New program's goal: From Sunday-only to everyday Catholics
Why Catholic? begins for parishioners in 76 parishes this Lent
Published: February 10, 2007
By Malea Hargett
Starting the week of Feb. 18, 76 Catholic churches across the state will be offering adult parishioners an opportunity to learn more about the faith through reading and sharing about the Bible and catechism.
"Why Catholic?" and its version in Spanish, ¿Por qué ser católico?, is a national faith formation program contracted by the Diocese of Little Rock last year with the approval of Bishop J. Peter Sartain. Parishes were invited to sign up for the program and send religious education leaders to three regional training sessions.
The four-year program will begin this Lent with a six-week study on the Creed and will continue this fall with more sessions on the Creed. In 2008, the topic will be the sacraments, in 2009 it will be morality and in 2010 it will be prayer. The foundation of the program is small faith communities meeting in homes each week for prayer, Scripture reading and faith sharing.
Why Catholic? was created by Renew International in response to the U.S. bishops' 1999 pastoral plan, "Our Hearts Were Burning Within Us."
In January 782 English-speaking small group leaders were trained how to lead the sessions in their homes. Another 220 Hispanic leaders were trained for the 23 parishes that are hosting Spanish sessions.
In late January and early February, parishes signed up participants for the sessions.
Catholics in Arkansas will have a similar experience to thousands of others across the state as well as the country, said Sister Maureen Colleary, FSP, a presenter for Why Catholic? based in Plainfield, N.J.
Sister Maureen said four other dioceses are launching Why Catholic? this Lent. They are Springfield-Cape Girardeau, Milwaukee, Knoxville and Charlotte, N.C. Thirty other dioceses joined over the past four years since the program was launched or will join this fall.
Sister Maureen said Catholics are eager to learn more about their faith and have found Why Catholic? the right vehicle to answer their questions.
"They are realizing as they are working through the books that it is giving them a language to speak about their faith to their children," she said. "It is giving them an opportunity and understanding of how to integrate their faith into their everyday life. They are moving away from this kind of Sunday Catholic to truly having their faith impact every day of their life wherever they are."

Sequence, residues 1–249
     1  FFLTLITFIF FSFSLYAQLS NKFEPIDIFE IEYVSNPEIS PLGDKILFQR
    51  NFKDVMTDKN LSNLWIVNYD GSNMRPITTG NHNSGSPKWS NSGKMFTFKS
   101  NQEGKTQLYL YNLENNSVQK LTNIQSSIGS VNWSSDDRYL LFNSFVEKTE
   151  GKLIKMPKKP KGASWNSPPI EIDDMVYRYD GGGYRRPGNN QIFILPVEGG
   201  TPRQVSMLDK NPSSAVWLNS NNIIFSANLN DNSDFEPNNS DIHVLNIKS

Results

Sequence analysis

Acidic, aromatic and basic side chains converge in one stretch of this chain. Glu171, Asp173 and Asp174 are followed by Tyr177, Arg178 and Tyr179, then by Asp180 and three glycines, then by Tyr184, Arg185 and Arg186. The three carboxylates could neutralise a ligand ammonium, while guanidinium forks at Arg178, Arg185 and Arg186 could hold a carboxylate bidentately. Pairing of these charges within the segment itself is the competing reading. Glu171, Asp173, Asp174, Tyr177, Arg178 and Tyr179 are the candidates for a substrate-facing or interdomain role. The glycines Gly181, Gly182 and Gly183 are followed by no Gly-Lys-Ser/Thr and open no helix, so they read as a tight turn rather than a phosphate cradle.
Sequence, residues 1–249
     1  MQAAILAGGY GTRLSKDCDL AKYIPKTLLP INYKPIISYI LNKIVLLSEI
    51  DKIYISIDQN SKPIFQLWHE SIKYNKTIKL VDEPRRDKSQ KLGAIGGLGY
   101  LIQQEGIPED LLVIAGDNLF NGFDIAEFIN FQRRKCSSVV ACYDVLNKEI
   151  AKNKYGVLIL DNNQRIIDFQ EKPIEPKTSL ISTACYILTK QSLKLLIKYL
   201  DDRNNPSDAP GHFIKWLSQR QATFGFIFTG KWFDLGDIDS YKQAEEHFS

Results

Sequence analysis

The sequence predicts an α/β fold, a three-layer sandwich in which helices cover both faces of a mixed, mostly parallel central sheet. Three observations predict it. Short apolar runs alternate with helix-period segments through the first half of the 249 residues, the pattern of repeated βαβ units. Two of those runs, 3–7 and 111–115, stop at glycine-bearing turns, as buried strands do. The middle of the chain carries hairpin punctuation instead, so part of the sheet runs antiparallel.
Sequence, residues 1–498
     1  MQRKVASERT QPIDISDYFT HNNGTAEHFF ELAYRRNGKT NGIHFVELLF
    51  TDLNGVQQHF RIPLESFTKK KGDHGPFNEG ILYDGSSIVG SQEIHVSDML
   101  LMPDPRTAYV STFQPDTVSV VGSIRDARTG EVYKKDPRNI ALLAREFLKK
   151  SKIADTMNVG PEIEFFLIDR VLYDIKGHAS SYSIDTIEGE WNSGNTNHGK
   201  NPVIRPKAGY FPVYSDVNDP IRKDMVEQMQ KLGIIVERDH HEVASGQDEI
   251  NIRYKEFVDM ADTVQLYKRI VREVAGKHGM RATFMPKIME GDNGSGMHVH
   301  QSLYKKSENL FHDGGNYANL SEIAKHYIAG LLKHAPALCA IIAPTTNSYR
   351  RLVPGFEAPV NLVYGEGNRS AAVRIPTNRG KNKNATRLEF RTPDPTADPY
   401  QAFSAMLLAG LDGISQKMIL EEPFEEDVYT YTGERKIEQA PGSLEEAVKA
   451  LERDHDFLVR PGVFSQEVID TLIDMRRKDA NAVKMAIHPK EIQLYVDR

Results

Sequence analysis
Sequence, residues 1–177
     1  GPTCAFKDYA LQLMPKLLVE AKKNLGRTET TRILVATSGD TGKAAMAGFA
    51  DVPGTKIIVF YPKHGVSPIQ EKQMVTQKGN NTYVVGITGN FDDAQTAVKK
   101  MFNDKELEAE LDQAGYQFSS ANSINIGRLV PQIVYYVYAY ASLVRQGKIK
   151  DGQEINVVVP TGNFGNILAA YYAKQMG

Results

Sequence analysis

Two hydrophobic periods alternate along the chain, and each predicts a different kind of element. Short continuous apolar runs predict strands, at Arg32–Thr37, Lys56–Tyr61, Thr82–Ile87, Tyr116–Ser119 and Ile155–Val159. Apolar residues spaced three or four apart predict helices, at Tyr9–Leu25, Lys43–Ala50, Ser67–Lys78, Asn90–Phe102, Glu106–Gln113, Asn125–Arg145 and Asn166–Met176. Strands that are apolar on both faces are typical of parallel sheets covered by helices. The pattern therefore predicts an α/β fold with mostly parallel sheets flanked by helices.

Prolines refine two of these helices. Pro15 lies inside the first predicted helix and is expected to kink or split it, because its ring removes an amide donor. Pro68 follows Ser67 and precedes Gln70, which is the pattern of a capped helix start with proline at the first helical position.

Alma Garcia, a Why Catholic? presenter in Spanish, said Hispanics are interested in the program because they will be studying the same topics as their English-speaking friends at church.
"It is not something separate we are providing," she said. "The final goal is the same. The big dream is to become one community with the English-speaking community. We remind them we are one Church."
Sister Maureen said she has been impressed with the interest in the program in Arkansas. Fifty-eight pastors for 76 parishes and missions signed on to the program.
"That is very good," she said.
Sister Mary Glynn, SJC, diocesan director for religious education and Christian initiation, said Bishop Sartain endorsed the program and encouraged all parishes and missions to use Why Catholic? For various reasons, some pastors chose not to offer the program. For Catholics in parishes not offering Why Catholic?, Sister Mary said they are encouraged to call a neighboring parish and inquire about the sessions and meeting times and locations.
More information on the program is available on the diocesan Web site, www.dolr.org.